Service life of about 25 hours. Serious problems with engine overheating.
    Dry weight about 1,000kg.
    Dr. Tank was so disappointed with performance that he threatened to power the Fw-190 with something else.

    The 1937 DB603 engine prototype performed at least as well yet RLM canceled funding for the program. During July 1939 the BMW801 radial looks like a longshot to me.
     
  20. Siegfried

    Siegfried Banned

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    Interesing, the suspension of DB603 engineering would have had a significant effect in several German aircraft programs which needed this engine. The suspension possibly makes sense when one considers that it might have helped to ensure focus so that the DB601A (1100ps) and DB601A1a (1170hp) was available in great quantities by the Battle of France. The French MS406 and other modern French fighters only had 880hp maybe 960hp Hispano Suiza HS-12Y engines.

    However the DB603, if available earlier, might even have allowed Bomber-B to continue.

    The DB603A and DB603AA had good but modest power outputs for their size (the AA had different supercharger gearing) but the DB603E produced good power and the MW50 version the DB603EB produced 2260hp. If the program ran 1 year ahead of schedule one can immagine the FW 190D9 DB603 version possibly seeing service in 1943. The Do 217M-1 managed a respectable 347 mph on the DB603A and a version with the DB603EB would have been quite fast. The interesting models are the two stage DB603L which was expected to drive the Do 335 to 495 mph. The C3 optimised DB603N was expected to produce around 2800hp.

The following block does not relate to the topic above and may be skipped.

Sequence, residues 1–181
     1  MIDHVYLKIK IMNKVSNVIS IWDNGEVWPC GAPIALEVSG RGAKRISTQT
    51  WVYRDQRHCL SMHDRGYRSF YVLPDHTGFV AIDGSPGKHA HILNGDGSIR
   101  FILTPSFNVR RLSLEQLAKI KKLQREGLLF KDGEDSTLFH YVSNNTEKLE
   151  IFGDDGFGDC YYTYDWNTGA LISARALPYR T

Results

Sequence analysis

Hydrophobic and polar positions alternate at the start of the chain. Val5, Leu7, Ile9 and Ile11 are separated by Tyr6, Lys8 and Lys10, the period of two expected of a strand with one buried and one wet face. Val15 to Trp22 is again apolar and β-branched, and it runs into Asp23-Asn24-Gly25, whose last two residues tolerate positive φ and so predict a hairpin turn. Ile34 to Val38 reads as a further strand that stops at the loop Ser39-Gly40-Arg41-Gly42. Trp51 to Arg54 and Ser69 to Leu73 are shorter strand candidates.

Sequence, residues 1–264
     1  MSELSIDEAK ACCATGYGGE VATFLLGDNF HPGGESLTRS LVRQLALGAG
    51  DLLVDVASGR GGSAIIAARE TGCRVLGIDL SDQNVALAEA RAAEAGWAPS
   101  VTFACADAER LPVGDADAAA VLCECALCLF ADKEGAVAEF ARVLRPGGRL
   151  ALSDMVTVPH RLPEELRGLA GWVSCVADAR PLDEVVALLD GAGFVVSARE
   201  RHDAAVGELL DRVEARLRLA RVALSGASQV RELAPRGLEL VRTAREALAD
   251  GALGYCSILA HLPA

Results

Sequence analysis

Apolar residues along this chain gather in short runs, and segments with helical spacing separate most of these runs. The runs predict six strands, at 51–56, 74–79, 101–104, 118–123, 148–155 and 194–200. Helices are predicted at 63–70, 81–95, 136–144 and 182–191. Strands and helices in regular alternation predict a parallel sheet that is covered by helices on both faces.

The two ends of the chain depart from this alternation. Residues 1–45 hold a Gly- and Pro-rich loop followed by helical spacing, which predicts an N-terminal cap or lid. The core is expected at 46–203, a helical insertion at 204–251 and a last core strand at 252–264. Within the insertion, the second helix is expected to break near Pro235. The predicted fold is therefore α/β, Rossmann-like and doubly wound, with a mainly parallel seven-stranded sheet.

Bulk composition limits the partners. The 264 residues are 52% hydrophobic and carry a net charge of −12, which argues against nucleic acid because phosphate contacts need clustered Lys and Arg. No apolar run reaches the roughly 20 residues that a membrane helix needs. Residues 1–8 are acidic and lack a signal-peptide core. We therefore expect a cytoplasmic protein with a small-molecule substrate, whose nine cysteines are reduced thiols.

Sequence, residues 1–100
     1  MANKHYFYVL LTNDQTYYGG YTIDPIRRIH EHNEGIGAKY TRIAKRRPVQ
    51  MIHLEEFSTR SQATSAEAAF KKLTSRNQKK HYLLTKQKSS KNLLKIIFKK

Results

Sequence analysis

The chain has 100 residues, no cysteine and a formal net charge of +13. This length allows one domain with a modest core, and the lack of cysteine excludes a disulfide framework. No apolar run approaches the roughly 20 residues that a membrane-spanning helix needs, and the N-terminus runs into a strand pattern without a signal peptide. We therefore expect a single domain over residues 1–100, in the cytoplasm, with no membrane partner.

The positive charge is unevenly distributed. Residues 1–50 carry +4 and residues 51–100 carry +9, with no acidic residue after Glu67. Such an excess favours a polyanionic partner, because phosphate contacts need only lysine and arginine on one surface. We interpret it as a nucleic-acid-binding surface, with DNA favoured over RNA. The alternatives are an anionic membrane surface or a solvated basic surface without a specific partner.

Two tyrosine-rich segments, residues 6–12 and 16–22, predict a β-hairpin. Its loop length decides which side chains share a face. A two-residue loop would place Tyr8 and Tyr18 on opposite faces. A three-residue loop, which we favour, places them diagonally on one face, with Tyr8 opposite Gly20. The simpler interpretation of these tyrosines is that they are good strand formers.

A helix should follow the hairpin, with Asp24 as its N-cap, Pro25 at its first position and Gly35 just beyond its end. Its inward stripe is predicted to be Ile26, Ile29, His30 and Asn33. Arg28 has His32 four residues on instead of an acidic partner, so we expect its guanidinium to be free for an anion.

The DB603 is not as powerfull as Jumo 222, DB604 or BMW802 but it is potentially a better engine than the BMW 801 and it is realistically its growth in performance is achievable in the same time frame as the DB605, perhaps even better. One can even immagine the DB605 and late model Me 109G being being bypassed and direct move to the Me 209-II, FW 190D or Me 309.

    The Me 309 managed a stupendous 466mph on the DB603 but then for some reason much time was spent converting it to run on the msaller weaker DB605. The Me 309 had a laminar profile wing (all the Germans own work). Supposedly the Me 309 was less manoverable than the Me 109 but this may refer to low turn rates due to low power, it probalby could have been fixed with a wing area increase.

    Realistically the conversion of Bomber-B and Bomber-A to 4 seperate engines is the only sure bet, the Jumo 211 being the one that is available.